Ted Simons: K-12 schools in general, critics who say your concentration is with charters, private schools, these sorts of things, traditional district, public schools seem to be getting lost in the mix. First of all, is that a valid criticism? And secondly what are you doing as far as -- 83% of Arizona parents, talk about choice, their choice is to send their kid to the neighborhood traditional district school. What can be done to improve those schools?

Governor Doug Ducey: Our focus is on public schools and always public schools. We never would have got prop 123 together with the legislature and education community if that wasn't where our heart was and where our focus is. And that is where the dollars will go. I look at these as all of our kids. Parental choice, whether the traditional K-12 or charter system -- I want to see opportunity, impact, options and improvement in all of these schools.

Ted Simons: But the idea of maybe a little more attention to the more successful schools, doing something right, you want to see that replicated -- but the poor performing schools seem like they would be the ones that immediate nor attention.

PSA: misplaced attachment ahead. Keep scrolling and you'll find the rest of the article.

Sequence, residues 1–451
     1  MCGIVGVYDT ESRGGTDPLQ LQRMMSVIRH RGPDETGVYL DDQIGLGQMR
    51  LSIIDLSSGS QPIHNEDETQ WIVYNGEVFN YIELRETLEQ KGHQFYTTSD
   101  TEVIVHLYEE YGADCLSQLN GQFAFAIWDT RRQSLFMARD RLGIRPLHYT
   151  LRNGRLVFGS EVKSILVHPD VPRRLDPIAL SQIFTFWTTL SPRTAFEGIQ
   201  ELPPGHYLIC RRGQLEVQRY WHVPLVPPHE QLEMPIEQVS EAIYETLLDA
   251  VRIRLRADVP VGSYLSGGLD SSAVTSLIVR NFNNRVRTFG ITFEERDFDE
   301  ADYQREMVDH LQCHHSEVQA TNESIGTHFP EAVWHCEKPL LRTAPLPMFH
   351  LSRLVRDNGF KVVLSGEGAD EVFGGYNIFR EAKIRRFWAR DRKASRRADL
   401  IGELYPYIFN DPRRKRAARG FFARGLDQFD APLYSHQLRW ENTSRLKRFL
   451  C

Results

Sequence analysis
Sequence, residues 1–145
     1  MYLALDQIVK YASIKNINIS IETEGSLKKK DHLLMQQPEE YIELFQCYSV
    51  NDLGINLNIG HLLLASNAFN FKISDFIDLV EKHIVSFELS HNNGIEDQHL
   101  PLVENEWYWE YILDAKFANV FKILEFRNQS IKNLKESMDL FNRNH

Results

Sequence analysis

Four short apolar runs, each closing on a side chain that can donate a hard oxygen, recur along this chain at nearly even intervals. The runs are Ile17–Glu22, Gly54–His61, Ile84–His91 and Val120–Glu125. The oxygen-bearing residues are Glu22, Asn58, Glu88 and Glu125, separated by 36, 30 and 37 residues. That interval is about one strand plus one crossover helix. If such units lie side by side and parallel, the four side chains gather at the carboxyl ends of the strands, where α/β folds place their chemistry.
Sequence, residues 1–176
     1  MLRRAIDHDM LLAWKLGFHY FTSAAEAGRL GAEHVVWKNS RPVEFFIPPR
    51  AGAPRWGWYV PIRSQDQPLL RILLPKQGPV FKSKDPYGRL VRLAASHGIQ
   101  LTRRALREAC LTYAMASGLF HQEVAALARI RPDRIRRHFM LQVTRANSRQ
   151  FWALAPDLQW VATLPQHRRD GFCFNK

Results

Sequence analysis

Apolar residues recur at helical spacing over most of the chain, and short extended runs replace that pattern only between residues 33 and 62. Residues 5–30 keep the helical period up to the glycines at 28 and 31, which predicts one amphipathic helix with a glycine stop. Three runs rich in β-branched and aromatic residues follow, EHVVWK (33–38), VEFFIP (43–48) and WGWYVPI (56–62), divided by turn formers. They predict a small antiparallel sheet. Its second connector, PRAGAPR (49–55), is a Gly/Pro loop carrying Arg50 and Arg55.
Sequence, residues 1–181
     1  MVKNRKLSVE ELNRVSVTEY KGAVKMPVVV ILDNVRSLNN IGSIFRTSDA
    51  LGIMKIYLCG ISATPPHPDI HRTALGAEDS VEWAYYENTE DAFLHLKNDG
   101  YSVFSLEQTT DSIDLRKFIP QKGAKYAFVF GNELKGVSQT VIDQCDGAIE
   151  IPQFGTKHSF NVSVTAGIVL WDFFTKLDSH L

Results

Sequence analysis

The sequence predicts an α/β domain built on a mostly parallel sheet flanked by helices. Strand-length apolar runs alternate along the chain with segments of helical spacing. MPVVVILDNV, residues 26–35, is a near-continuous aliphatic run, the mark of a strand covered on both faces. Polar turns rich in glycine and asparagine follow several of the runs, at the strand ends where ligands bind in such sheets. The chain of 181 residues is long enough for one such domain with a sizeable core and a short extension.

Governor Doug Ducey: You need attention for both. You want to take the schools that are doing well. You want to duplicate them, replicate them, when you can get more kids inside a school with great teachers and a terrific principal, that's good for everyone. The schools that aren't doing as well, yes, there is improvements we can make in management and also things we can do of providing dollars for more kids that take AP level college preparation classes. You know, we have far too many kids that are falling through the cracks that aren't going on to get that career and technical education or going on to higher learning. So, we're taking the best practices happening here in Arizona and gleaning from other places around the country and applying them to the Arizona schools so that we continue to improve and we have shown signs of improvement while other states are slipping.